The price tag for updating the system is a mere $187 million, and far below the $33 million they currently have in the budget. If I were president, I would probably check the seat cushions on Air Force One to make up the difference, they are charged with saving his life after all.
Back in April we reported on new legislation which, if passed, would give the president the authority to take control of the Internet. Over four months later it appears that not only has this bill continued to be worked on, but it is now closer to fruition than ever before. Revisions to the legislation made by the office of Sen. Jay Rockefeller, a West Virginia Democrat, remains “vague” according to Larry Clinton, president of the Internet Security Alliance. “It is unclear what authority Sen. Rockefeller thinks is necessary over the private sector. Unless this is clarified, we cannot properly analyze, let alone support the bill.
The legislation which is now up to 55 pages in length isn’t all controversial, in fact the only section that is being hotly debated at the moment is Section 201. In this section the President is permitted to “direct the nations response to the cyber threat” if necessary for “the national defense and security.” This would allow the White House to engage in “periodic mapping” of private networks that are determined to be critical, and those companies will “share” requested information with the federal government. In plain English, this simply means that if your company is deemed “critical”, regulations determine who you can hire, what information you can disclose, and under what conditions the government can take control over your companies computers or network.
“The language has changed but it doesn’t contain any real additional limits,” according to the Electronic Frontier Foundation. “It simply switches the more direct and obvious language they had originally to the more ambiguous version. The designation of what is a critical infrastructure system or network as far as I can tell has no specific process”.
Want to read the official White House response to all the controversy? Click the jump to read the statement made to CNET’s Declan McCullagh.
Want to make a lasting impression at the next Junior Republican Convention? Just tell everyone you have the President in your pocket, and you don't even have to fib about it thanks to Active Media, makers of the WWF Penguin and Panda USB drives. The USB manufacturer today adds the 8GB Obama USB drive to its growing lineup of unique flash media.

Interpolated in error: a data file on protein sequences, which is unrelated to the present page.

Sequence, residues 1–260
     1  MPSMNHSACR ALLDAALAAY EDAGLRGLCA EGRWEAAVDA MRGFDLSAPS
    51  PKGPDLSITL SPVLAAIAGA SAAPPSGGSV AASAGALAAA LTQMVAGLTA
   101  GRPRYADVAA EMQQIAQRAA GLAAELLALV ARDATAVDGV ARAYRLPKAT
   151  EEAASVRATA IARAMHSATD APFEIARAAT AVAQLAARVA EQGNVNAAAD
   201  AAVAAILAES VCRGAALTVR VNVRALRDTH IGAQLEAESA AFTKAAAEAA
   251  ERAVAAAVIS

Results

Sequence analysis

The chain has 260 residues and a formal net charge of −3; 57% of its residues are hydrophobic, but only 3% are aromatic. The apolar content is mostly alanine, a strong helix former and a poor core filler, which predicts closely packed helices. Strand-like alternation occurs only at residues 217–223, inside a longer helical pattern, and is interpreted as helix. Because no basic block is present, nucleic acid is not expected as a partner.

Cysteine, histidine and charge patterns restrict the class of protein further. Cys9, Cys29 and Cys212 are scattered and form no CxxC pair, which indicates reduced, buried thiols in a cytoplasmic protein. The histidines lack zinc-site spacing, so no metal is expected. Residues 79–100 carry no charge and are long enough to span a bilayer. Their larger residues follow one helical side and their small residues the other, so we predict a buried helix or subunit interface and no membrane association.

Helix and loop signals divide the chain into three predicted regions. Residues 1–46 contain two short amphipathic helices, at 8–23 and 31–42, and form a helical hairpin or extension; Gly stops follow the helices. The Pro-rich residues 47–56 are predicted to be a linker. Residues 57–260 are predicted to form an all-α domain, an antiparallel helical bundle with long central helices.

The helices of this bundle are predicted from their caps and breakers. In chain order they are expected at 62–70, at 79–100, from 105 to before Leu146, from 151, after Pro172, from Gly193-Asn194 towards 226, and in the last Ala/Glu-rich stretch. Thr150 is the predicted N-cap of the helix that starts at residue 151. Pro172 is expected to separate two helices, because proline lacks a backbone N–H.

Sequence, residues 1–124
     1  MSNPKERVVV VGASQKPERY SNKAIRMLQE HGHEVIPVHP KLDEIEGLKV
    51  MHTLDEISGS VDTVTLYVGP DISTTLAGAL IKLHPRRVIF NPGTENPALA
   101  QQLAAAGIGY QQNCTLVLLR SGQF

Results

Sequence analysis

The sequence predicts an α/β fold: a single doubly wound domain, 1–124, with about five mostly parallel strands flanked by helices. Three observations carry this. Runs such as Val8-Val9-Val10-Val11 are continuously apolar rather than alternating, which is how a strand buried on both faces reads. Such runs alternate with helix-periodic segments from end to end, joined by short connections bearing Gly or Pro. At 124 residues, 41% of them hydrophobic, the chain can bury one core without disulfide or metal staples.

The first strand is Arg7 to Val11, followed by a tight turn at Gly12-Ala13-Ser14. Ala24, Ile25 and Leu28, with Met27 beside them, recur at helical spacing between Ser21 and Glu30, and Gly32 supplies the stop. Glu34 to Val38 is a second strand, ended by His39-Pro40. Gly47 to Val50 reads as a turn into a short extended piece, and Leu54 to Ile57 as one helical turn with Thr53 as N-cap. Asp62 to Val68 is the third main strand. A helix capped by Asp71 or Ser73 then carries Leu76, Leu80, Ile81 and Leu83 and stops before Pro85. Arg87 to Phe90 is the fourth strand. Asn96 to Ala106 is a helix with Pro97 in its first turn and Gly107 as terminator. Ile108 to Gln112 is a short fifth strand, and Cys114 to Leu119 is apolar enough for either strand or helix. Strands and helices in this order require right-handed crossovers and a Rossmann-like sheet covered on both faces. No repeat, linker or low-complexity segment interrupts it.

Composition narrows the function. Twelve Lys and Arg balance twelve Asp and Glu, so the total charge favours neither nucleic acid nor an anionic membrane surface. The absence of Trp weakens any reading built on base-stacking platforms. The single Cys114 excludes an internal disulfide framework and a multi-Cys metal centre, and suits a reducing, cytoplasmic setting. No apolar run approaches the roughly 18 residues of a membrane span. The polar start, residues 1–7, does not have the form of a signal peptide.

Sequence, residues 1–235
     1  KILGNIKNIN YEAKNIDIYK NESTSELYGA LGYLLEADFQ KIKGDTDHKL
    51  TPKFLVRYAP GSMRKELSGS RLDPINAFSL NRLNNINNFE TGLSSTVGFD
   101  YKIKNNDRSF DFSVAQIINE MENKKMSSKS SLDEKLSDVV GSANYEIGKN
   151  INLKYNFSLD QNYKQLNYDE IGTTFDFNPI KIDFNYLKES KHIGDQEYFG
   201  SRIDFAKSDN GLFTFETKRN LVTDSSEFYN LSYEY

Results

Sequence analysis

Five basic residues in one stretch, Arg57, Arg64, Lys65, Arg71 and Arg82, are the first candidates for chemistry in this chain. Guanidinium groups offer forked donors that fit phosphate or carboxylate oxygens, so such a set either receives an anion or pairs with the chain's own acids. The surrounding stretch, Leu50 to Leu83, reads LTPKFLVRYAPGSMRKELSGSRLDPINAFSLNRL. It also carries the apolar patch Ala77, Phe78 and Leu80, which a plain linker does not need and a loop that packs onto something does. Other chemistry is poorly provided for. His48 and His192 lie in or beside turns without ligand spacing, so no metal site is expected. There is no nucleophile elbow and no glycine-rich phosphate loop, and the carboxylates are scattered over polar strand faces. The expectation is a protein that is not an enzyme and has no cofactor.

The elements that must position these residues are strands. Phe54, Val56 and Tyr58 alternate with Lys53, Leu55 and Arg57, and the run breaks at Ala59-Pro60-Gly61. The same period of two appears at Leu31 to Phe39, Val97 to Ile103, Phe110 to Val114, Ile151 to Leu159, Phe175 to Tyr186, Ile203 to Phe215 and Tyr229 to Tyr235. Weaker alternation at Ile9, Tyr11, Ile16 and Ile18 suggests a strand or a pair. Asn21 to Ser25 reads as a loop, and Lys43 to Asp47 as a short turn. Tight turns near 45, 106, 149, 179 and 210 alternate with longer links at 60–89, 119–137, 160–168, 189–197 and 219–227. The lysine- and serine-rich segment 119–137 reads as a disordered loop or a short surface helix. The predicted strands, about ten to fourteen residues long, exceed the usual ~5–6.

"The drive is loaded with content to explore. We've more than doubled the bonus content compared to our original Obama drive," noted Jerry Thomson, vice president of marketing at Active Media Products. "This historically important product is offered at a time when the country celebrates its 233 year birthday."
More specifically, the 8GB USB drives comes pre-loaded with 80MB of material ranging from high resolution phots of President Obama and the First Lady, to over two hours of speeches in MP3 format. Also included are several speeches in PDF form.
Both the original 2GB and newer 8GB capacities are available now for $10 and $30, respectively.
New legislation proposed on April 1st will give a whole new meaning to geeks who like to joke that the President has his finger on the button. If the proposed legislation comes to pass, the president will have the ability to shut down public and private networks, including internet traffic should the need arise. This power is part of a new cybersecurity emergency plan that is designed to help protect the US against attack, but also gives the government unprecedented control over our networks.
The critics of this bill however are lining up, and are voicing their concerns over how this power could be abused. According to Leslie Harris of the Center for Democracy and Technology, “This is pretty sweeping legislation. Seems the President could turn off the Internet completely or tell someone like Verizon to limit or block certain traffic. There is a lot to worry about in this bill.”
Since the bill is still in its early stages, it is unclear what amendments will be made, or if it will even be passed at all. West Virginia Democratic Senitor John Rockefeller made it clear to the media that this is the first draft of the proposal, and that they will be in close contact with internet-centric companies who obviously have a lot more at stake here than the average user.
Obama may soon have the power to nuke the real world, and World of Warcraft. Are you comfortable with this?